3. Run the following command to install the template:

cookiecutter -c v1 https://github.com/drivendata/cookiecutter-data-science

The template requires Git to be installed. Cookiecutter will prompt you to provide values for project-specific parameters defined in the template, such as project name, author, and project description. Enter the required information to customize the project. The following code shows an example of the prompt:

> cookiecutter https://github.com/drivendata/cookiecutter-data-science
project_name [project_name]: my-test
repo_name [my-test]: my-test-repo
author_name [Your name (or your organization/company/team)]: angelica
description [A short description of the project.]: a test project
Select open_source_license:
1 - MIT
2 - BSD-3-Clause
3 - No license file
Choose from 1, 2, 3 [1]: 1
s3_bucket [[OPTIONAL] your-bucket-for-syncing-data (do not include 's3://')]:
aws_profile [default]:
Select python_interpreter:
1 - python3
2 - python
Choose from 1, 2 [1]: 1

The following figure shows the generated directories and files:

Image by Author

Now you can start working on your files.

In Cookiecutter, you can define your custom templates by following the procedure described in the Cookiecutter official repository.

So far, we’ve seen two techniques for organizing data science projects: one manual technique and one based on Cookiecutter. Actually, there is also a third technique that almost completely solves the problem of organizing files and folders on your computer. It’s about using a cloud service.

There are many services of this type, which, in technical terms, are called model tracking platforms or experimentation platforms. Examples of these services are Comet, Neptune, and MLflow (which you can install on your computer). These services aim to manage all experiments, code, data, and even results in the cloud.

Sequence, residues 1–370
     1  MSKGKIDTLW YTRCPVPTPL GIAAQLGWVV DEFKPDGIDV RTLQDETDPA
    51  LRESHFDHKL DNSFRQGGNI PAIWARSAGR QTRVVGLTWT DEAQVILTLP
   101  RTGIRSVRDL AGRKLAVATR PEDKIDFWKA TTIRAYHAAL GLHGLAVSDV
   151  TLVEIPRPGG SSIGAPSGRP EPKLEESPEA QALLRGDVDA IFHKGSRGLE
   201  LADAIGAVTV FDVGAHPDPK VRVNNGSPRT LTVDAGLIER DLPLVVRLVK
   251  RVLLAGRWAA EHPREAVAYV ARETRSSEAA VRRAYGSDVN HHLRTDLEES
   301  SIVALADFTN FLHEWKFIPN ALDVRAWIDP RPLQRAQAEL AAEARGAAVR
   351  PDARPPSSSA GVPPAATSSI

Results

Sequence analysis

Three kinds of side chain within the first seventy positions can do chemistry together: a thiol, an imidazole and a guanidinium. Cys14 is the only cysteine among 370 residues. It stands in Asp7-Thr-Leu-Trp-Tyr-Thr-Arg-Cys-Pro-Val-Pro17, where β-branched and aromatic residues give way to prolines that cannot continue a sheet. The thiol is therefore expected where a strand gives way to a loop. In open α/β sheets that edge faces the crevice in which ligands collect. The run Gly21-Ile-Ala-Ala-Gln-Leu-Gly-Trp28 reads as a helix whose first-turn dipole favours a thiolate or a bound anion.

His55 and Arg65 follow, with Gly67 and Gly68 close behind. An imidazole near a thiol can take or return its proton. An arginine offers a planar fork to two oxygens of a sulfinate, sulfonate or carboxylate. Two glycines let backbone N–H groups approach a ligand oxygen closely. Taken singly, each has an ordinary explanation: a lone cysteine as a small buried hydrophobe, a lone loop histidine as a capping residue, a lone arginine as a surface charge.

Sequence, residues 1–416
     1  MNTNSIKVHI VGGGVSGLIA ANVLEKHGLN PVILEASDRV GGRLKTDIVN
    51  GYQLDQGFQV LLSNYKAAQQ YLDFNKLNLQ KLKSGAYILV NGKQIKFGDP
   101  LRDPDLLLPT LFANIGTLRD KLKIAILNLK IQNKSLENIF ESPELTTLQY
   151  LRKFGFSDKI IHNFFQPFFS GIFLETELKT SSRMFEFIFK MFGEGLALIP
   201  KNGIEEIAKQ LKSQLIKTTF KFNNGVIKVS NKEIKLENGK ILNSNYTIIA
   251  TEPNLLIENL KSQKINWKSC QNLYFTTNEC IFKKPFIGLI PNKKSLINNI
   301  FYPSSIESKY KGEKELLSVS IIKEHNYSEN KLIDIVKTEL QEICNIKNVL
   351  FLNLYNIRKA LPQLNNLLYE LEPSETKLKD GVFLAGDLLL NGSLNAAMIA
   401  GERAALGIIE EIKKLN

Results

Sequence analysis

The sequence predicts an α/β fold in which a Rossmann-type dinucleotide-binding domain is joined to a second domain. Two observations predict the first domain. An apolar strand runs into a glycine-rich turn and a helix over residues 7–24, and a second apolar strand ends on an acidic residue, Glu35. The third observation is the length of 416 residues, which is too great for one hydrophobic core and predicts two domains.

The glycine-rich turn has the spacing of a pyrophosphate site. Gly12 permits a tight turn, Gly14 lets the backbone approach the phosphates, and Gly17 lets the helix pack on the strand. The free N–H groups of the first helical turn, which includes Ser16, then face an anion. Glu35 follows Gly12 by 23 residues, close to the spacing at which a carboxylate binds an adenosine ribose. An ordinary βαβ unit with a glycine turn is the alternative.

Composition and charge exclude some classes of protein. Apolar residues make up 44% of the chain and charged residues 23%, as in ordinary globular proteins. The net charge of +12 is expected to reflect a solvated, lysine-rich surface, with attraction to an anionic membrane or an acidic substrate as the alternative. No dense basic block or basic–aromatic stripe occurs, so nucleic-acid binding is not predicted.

Model tracking platforms also provide dashboards in which you can compare the results of the experiments directly through tables or graphs. The following figure shows an example dashboard in Comet.

An example of a dashboard in Comet

You can browse other examples of dashboards at this link.
Using a model tracking platform is quite simple. The following figure shows an example of the architecture of a model tracking platform.

Image by Author

You start with your local models, which can be stored in a single file. Then you save them on the model tracking platform, which, in addition to containing a dashboard, also contains a registry for accessing the produced assets. You can export the results to a report or integrate them into a deployment flow.

Using a model tracking platform is a good solution. However, remember that the service could require you to spend money to use it.

Congratulations! You have just learned how to organize your data science project! You can use one of the following techniques:

  • Manual organization, which is time-consuming and error-prone
  • External tool, such as Cookiecutter, which helps to create the initial structure of your project
  • Cloud service, which organizes all the code for you, but it could require you to pay.

Choose the technique that best suits your needs and requirements to ensure a well-organized and successful data science project!